Jupiter and Mercury, a Fable. “Here, Hermes, says Jove, who with nectar was mellow; Go fetch me some clay-I will make an odd fellow ;
Right and wrong shall be jumbled, --some gold and much
dross, Without cause be he pleas'd, without cause be he cross; Be sure, as I work, to throw in contradictions, A great love of truth, yet a mind turn'd to fiétions; Now mix these ingredients, which, warm’d in the baking, Turn to learning and gaming, religion and raking. With the love of a wench, let his writings be chaste; Tip his tongue with strange matter, his pen with fine taste; That the rake and the poet o'er all may prevail, Set fire to the head, and set fire to the tail : For the joy of each sex, on the world I'll bestow it,
This scholar, rake, Christian, dupe, gamester, and poet : Though a mixture so odd, he shall merit great fame, And among brother mortals—be GOLDSMITH his name; When on earth this strange meteor no more shall
appear, You, Hermes, shall fetch him-to make us sport here.
A Candid Examination of the Reasons for depriving the East India
Company of its Charter contained in the History and Management of the East India Company from its commencement to the present Time, together with Strictures on some of the Self-contradičtions and Historical Errors of Dr. Adam Smith, in his Reafons for the abolition of the said Company. Bewand Sewell, is. 6d.
The author of the history of the East India company has in our opinion clearly proved what he attempted to prove, the injustice of the company to the nabob of Arcot; and neither this author, nor what is more, the directors have pretended to controvert his fačts or conclusions. Whence then this pamphleteer's outcry? - Unlimited power, says the writer of the history of the East India company, may in the hands of a single person be prevented from the degenerating into acts of tyranny by the terrors of ignominy or by personal fears. But a body of men vefted with authority is feldom swayed by restraints of either kind.' Now this possible cale depending upon the verb may, our pamphleteer by exchanging may for must has made the foundation of groundless invečtive against the historian, and of tedious argument to the reader. "Our historian," says he,“having thus given his philosophical reasons why arbitrary power must be just and humane," &c. &c. After the deteétion of such an imposition, who can pay any regard to an author who has built his whole superstructure on so fandy a foundation ? He seems to be equally unfortunate in his attack on Dr. Adam Smith, who has atlerted VOL. XI. Na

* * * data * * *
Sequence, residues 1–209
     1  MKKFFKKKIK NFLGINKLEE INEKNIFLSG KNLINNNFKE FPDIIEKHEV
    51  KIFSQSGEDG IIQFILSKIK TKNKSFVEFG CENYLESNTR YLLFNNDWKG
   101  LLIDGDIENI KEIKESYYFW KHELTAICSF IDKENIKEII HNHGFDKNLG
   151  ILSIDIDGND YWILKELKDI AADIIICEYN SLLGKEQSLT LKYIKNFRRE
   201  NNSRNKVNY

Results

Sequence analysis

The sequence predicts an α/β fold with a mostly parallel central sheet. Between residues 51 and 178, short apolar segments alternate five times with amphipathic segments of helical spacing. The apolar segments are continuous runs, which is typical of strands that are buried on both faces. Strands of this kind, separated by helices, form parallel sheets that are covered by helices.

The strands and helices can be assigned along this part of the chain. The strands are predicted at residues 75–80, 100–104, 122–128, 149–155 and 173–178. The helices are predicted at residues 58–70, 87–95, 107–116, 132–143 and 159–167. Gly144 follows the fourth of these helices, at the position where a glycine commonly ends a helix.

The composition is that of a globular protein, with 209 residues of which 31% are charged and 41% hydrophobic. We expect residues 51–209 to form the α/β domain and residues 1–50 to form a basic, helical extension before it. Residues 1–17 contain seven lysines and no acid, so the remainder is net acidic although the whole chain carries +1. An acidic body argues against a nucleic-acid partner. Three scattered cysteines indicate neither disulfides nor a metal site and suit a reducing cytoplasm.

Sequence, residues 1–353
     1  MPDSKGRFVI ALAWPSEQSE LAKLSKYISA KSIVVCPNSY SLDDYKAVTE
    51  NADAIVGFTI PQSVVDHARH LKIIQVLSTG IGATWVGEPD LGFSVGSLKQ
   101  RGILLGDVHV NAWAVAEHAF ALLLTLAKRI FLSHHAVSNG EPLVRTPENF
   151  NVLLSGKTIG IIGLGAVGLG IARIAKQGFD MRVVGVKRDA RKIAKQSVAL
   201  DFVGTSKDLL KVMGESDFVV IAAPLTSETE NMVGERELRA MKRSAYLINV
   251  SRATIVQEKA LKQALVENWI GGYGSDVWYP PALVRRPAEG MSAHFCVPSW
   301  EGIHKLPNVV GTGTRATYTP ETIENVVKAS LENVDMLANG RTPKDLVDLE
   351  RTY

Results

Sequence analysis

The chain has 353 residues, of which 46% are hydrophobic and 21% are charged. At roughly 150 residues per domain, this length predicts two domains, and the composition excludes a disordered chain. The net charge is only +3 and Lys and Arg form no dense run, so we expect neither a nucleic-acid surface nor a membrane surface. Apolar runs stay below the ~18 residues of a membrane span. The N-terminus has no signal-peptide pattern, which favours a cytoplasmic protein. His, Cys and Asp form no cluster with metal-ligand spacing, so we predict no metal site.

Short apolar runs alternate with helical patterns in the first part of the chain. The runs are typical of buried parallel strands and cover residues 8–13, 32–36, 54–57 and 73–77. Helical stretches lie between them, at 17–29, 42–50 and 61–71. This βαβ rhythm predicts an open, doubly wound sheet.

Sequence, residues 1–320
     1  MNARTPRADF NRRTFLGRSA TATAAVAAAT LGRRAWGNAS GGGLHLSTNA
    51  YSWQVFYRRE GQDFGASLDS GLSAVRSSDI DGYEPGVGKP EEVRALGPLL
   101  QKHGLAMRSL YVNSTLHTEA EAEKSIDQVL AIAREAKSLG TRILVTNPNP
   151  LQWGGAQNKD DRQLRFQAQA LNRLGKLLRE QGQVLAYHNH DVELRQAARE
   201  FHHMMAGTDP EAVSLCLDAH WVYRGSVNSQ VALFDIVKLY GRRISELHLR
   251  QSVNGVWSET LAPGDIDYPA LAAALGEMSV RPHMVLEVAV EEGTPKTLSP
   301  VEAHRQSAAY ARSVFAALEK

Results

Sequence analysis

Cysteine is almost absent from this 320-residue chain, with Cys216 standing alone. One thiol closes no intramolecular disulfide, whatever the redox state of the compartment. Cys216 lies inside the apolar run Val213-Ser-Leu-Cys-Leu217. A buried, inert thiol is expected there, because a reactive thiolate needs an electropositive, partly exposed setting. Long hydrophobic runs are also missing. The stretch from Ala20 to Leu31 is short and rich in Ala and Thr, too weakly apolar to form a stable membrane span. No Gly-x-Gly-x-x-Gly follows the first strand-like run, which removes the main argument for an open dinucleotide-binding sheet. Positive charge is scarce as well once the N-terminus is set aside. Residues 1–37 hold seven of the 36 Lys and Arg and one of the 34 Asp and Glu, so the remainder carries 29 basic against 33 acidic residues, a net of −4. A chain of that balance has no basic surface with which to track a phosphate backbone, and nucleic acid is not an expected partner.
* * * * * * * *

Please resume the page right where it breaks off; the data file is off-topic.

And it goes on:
that the Portuguese carried on an open free trade to the East Indies for a century with great advantage. To disprove this position the pamphlet appeals to the history of Portuguese Alia, 'prefixed to the English Lusiad, where, he says, the copy of the king's commission to the vicerovs of India evinces it to have been a regal monopoly. For this commission we have searched in vain; but, though we did not find the commission, we found that this is not the only instance of his inaccuracy of quotation. Therefore, till bettef authorities are quoted, he will allow us to entertain our doubts concerning the juftness of the charge against Dr. Smith. In spite of all his quotations, and his painphlet consists of little else, we cannot help agreeing in opinion with the hifto. rian, whom he arraigns, that, if the East India trade was open, and the revenue collected by the king's officers, the controul would be much more immediate and complete ; as there would be no wheel within wheel, no enormous machine to be moved in order to come at delinquents, but the whole would be fimple and uniform. At present the company, which is in many cases deftitute of the necessary powers, muft act first, and then the parliament, in whom the fupreme controul refides, must frequently come to its aid, before any adequate remedy can be applied to some evils. How operose and difficult is this circuitous process ! And yet this aspect of the affair is not the worst. The company afraid of parliamentary interference opposes every enquiry, and screens every delinquent,
The History of a French Louse ; or the Spy of a Nezu Species, in